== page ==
Growing Down explores the theological and psychological implications of humanity's fascination with technology. Author Jaco Hamman examines how our virtual relationships with and through tablets and phones, consoles and screens, have become potentially addictive substitutes for real human relationships. At the base of the technological revolution, as Hamman shows, are abiding theological questions--questions about what it means to be and to become a person in a technological world.Hamman argues that the appeal of today's communications technologies, especially the need to be constantly connected and online, is deeply rooted in the most basic ways humans develop. Human relationship with technology mirrors the holding environment established between young childrenandtheir primary caregivers. The virtual world plays upon humanity's deep yearning to reestablish that primary life-giving environment and to recall those first loving and caring relationships. By handling a phone and engaging online, humans revisit the exhilaration, fear, relief, and confidence of belonging, discovering, and gaining knowledge.Technology affords a space where the self can play, feel alive, and be real. Growing Down draws together theology, anthropology, neuroscience, object relations theory (especially the work of D W Winnicott), and empirical research to identify necessary intelligences for human flourishing in an increasingly virtual world. Humans can flourish in the face of the continued onslaught of rapid technological advances -- even if they must grow down to do so.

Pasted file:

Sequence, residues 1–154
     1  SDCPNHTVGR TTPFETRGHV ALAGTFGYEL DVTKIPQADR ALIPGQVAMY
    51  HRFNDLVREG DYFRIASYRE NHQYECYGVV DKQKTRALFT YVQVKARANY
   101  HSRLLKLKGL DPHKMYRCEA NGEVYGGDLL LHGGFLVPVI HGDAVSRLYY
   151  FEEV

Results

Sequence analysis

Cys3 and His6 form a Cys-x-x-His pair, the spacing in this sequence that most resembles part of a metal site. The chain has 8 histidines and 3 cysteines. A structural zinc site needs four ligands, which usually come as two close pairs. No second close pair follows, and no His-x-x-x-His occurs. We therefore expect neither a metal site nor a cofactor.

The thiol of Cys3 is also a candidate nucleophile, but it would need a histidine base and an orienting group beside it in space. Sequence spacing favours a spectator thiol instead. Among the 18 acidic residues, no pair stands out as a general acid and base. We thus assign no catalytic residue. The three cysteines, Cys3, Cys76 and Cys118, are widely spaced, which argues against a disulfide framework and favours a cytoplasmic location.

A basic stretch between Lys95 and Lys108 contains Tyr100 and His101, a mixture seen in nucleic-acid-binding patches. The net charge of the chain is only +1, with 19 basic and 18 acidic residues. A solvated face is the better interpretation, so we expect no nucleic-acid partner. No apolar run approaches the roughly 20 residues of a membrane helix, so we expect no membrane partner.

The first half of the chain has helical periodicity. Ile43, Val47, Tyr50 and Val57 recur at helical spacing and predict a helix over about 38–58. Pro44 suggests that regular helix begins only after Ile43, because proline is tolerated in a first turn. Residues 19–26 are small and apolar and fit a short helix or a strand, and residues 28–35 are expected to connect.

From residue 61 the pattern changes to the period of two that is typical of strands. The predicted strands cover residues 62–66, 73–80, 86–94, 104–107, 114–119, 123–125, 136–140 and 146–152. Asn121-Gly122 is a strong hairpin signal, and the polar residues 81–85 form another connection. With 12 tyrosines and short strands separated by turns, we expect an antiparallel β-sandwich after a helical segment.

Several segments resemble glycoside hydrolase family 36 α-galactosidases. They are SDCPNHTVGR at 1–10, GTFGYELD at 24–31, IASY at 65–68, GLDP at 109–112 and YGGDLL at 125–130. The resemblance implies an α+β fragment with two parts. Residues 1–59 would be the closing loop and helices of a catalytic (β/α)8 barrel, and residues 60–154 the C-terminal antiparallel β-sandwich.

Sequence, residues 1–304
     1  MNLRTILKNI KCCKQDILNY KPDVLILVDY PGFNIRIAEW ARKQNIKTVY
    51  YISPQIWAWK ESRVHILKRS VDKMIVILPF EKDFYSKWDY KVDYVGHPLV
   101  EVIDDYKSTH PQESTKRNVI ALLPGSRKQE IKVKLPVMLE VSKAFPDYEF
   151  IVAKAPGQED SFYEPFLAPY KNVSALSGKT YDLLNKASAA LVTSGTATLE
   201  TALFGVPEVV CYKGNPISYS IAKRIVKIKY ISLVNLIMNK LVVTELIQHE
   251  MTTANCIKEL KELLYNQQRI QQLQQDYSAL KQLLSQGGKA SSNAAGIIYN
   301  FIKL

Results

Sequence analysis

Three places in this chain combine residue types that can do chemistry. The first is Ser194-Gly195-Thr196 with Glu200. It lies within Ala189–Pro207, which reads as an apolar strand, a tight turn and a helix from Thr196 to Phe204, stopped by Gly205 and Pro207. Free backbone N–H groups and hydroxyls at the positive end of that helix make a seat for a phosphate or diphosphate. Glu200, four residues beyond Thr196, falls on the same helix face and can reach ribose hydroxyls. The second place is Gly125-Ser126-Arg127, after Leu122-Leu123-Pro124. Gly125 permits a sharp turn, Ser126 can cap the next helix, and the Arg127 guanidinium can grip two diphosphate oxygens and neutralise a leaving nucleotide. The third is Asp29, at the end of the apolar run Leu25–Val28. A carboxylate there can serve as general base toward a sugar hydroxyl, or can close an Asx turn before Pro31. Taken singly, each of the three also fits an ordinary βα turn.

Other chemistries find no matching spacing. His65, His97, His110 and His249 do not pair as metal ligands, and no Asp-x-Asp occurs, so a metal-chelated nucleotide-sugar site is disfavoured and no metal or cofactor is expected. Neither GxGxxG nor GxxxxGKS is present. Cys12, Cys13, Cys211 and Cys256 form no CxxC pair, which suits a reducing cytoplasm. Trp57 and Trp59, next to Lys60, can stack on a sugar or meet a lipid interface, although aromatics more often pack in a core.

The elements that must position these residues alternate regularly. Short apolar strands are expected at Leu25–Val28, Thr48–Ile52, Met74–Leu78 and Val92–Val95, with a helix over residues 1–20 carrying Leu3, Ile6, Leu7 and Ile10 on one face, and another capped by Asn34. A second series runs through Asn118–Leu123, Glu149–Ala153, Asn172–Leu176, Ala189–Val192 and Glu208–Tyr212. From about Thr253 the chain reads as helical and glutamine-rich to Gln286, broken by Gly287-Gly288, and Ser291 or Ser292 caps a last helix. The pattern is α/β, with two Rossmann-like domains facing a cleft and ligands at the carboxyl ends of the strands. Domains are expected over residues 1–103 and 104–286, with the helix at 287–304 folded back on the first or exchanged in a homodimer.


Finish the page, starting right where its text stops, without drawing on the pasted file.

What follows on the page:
Jaco J. Hamman is Associate Professor of Religion, Psychology and Culture at Vanderbilt Divinity School, where he is also the Director of the Program in Theology and Practice. In addition, Hamman is Extraordinary Professor of Practical Theology at The University of Stellenbosch in South Africa.